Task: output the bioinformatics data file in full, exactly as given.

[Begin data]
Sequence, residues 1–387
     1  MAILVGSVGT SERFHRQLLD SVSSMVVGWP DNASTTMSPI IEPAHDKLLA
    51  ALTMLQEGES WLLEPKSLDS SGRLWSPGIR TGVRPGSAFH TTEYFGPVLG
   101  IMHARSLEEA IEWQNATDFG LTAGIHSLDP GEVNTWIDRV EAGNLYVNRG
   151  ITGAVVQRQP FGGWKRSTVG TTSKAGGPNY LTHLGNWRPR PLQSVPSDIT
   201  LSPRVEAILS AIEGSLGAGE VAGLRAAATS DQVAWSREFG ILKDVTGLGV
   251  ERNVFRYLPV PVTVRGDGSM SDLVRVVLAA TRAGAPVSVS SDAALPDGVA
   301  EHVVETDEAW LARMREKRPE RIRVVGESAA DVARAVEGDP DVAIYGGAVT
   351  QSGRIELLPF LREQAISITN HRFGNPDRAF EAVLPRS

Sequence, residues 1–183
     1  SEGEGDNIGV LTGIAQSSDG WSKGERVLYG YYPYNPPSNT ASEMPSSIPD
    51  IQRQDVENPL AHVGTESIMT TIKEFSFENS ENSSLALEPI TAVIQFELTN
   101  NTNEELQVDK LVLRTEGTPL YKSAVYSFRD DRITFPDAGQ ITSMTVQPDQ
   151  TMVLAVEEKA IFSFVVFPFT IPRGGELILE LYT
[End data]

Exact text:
Sequence, residues 1–387
     1  MAILVGSVGT SERFHRQLLD SVSSMVVGWP DNASTTMSPI IEPAHDKLLA
    51  ALTMLQEGES WLLEPKSLDS SGRLWSPGIR TGVRPGSAFH TTEYFGPVLG
   101  IMHARSLEEA IEWQNATDFG LTAGIHSLDP GEVNTWIDRV EAGNLYVNRG
   151  ITGAVVQRQP FGGWKRSTVG TTSKAGGPNY LTHLGNWRPR PLQSVPSDIT
   201  LSPRVEAILS AIEGSLGAGE VAGLRAAATS DQVAWSREFG ILKDVTGLGV
   251  ERNVFRYLPV PVTVRGDGSM SDLVRVVLAA TRAGAPVSVS SDAALPDGVA
   301  EHVVETDEAW LARMREKRPE RIRVVGESAA DVARAVEGDP DVAIYGGAVT
   351  QSGRIELLPF LREQAISITN HRFGNPDRAF EAVLPRS

Sequence, residues 1–183
     1  SEGEGDNIGV LTGIAQSSDG WSKGERVLYG YYPYNPPSNT ASEMPSSIPD
    51  IQRQDVENPL AHVGTESIMT TIKEFSFENS ENSSLALEPI TAVIQFELTN
   101  NTNEELQVDK LVLRTEGTPL YKSAVYSFRD DRITFPDAGQ ITSMTVQPDQ
   151  TMVLAVEEKA IFSFVVFPFT IPRGGELILE LYT